Buses on Melissa Paulen's daily commute were almost empty after Covid-19 "swept" Seattle.

"This is a ghost city, it feels weird," said Dr. Paulen. The halls at Washington University Medical Center in Seattle, Washington, where Paulen works, also became deserted. Non-essential employees are working from home, while visitors are restricted.


A deserted street in downtown Seattle, Washington state, USA, February 16 Photo: WSJ

Before officials around the country imposed orders or recommendations to close businesses, Seattle, the first major US city to be attacked by Covid-19, had to take measures to deal with the pandemic. Some people predict the whole US landscape in the coming weeks may be similar to Seattle.

Office workers in the city have been working remotely for the past two weeks, making the buildings in the downtown area almost empty, except for the security and cleaning staff. Some cafes store entire tables and chairs to avoid people's attention.

Pioneer Square, the city's commercial center, is also littered with a few homeless people. Concerned about the risk of theft, shops closed with signs saying there was no cash left.

The Seattle metropolitan area, with nearly 4 million people, is the 11th largest US economic region and the third fastest growing nation in the country. Before Covid-19 broke out, the area was expanding rapidly thanks to the boom in technology, with the presence of large corporations such as Google, Microsoft, Facebook.

GDP of this "technology capital" reached $ 356 billion in 2018, an increase of 6.9% over the previous year, more than double the growth rate of the whole country. Since 2010, more than 300,000 new jobs have emerged in downtown Seattle, an increase of 50%.

However, Seattle's momentum faced a series of barriers from Covid-19, when Washington State became one of the provinces most seriously affected by the pandemic, with more than 1,000 cases of nCoV and nearly 70 deaths. Businesses are now at a standstill. Many sluggish restaurants voluntarily closed before the government asked them to restrict orders on March 16.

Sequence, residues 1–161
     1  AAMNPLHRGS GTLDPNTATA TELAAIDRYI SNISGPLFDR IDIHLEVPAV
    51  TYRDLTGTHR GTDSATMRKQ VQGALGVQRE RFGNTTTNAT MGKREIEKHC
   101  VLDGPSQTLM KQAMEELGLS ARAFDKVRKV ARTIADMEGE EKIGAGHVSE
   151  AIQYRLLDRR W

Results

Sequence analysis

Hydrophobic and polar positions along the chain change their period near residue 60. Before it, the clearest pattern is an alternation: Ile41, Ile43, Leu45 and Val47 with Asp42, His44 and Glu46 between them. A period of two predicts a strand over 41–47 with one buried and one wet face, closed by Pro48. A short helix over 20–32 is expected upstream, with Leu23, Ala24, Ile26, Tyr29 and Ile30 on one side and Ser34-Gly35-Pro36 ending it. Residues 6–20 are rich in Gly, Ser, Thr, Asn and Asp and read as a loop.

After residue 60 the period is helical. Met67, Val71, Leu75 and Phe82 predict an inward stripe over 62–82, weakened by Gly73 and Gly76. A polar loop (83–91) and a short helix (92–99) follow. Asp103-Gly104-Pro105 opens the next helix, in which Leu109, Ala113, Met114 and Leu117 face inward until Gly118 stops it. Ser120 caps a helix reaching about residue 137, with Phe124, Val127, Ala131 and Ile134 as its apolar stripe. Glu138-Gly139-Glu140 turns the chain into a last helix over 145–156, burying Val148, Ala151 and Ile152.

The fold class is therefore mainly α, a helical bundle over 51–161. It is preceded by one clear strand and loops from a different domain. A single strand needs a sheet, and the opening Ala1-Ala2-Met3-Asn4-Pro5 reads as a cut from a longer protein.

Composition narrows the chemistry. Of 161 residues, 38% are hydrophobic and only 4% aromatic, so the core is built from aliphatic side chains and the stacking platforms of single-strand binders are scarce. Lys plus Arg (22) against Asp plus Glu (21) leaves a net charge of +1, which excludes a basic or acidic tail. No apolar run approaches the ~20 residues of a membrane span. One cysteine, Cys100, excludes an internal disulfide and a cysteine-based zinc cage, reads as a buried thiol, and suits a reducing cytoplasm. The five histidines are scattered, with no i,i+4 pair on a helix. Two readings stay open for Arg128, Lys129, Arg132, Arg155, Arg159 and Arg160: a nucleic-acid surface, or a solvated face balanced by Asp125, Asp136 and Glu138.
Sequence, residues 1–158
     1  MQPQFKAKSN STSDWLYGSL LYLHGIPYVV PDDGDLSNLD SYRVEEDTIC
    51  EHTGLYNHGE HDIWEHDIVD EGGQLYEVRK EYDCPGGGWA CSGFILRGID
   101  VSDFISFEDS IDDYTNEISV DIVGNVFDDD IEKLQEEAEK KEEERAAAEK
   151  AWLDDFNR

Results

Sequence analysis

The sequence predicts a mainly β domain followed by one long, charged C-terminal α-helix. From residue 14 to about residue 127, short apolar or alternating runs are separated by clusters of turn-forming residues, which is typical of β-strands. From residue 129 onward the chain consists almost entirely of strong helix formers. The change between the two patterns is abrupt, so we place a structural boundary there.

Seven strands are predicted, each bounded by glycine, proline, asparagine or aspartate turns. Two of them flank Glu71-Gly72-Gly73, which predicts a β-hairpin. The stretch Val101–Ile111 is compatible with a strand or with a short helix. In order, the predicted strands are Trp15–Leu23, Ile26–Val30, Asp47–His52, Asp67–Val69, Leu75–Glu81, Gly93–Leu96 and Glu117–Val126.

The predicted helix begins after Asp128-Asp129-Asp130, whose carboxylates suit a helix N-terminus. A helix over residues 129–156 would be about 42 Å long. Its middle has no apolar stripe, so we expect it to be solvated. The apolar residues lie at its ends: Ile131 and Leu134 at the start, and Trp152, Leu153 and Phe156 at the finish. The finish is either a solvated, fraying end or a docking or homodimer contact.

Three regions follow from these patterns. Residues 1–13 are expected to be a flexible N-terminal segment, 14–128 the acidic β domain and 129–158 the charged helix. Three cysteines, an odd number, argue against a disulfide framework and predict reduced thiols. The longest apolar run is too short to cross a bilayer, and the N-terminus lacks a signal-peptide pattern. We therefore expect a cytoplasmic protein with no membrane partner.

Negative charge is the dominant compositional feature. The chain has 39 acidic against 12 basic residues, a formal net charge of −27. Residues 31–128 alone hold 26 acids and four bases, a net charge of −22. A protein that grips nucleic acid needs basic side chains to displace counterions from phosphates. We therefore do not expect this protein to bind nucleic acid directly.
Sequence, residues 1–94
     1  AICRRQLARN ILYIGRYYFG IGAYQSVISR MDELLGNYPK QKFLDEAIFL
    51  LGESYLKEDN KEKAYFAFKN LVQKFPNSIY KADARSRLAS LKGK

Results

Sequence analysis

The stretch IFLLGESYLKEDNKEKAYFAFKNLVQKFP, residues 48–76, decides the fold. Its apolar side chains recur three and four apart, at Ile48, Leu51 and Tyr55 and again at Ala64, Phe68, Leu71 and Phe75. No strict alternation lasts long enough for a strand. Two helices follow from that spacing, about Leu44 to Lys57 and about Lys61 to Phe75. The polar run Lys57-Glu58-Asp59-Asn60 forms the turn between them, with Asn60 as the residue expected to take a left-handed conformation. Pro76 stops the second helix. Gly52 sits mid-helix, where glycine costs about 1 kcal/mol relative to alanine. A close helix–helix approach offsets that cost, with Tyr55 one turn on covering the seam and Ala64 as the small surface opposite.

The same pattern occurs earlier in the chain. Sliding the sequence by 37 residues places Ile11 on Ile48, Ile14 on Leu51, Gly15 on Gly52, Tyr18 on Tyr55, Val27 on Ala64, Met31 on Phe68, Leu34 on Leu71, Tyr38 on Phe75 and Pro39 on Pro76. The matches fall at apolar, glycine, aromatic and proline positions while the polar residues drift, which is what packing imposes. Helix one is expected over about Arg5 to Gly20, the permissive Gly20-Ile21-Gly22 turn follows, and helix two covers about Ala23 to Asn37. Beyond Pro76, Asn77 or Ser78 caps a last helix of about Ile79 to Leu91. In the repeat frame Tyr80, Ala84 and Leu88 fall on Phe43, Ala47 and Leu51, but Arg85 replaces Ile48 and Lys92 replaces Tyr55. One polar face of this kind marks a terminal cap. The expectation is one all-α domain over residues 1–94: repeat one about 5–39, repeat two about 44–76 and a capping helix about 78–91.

Visitors no longer frequented the Pike Place market located along the city's famous Elliott Bay. The sellers said they also had to deliver products instead of selling directly as before.

Traci Calderon, owner of the Atrium Kitchen commercial kitchen, where people rent for cooking, organizing culinary classes or some events, said customers began to cancel their seats two weeks ago. Now, all booking schedules until July are no longer available. "Some people say they lost 70%, and I lost," Mrs. Calderon burst into tears.

Despite the epidemic, keeping Seattle residents indoors seems to be a difficult task for the government when there are no drastic measures. In addition, the concept of "essential" is extremely diverse.

Ian Sowle has been working from home for two weeks now. However, on 16/3 he decided to go to the city center. "I had to get a haircut before they closed this place for two months," the man said. At parks near the University of Washington, many people still walk and children play soccer.

Throughout the week, Julie Ramone and Nick Vukmer also worked in their one-bedroom apartment. The neighborhood becomes noisier than ever during the daytime, when residents work from home to take a break between hours.

"Last week we went to a cafe and it was packed," Ramone said, adding that she and Vukmer went skiing with friends over the weekend to escape the city. They also plan to continue jogging in the park near their home.

Katie Enarson, another Seattle resident, said she and her husband worked at home while caring for their four and six-year-old sons because the school was closed. They haven't been to a crowded place for more than a week, and they also ordered groceries and took them in person.

However, not everyone in the Enarson family can tolerate such mounds. Her husband's grandfather, who was over 80 years old, insisted on buying directly to be able to trade with the seller. Enarson's 68-year-old father last week interviewed for a job, even though he had pneumonia last year.

Enarson himself, who is trying to avoid most social contact, still takes his children to the park and lets them play football and basketball with the neighbors' children. She sets new rules for her children, like washing their hands before leaving home and returning, not going into other people's homes, not wrestling.

Other parents in the neighborhood also agree that they cannot leave their children completely separated. "Nobody knows exactly how to do everything. Nobody has ever experienced this," Enarson said.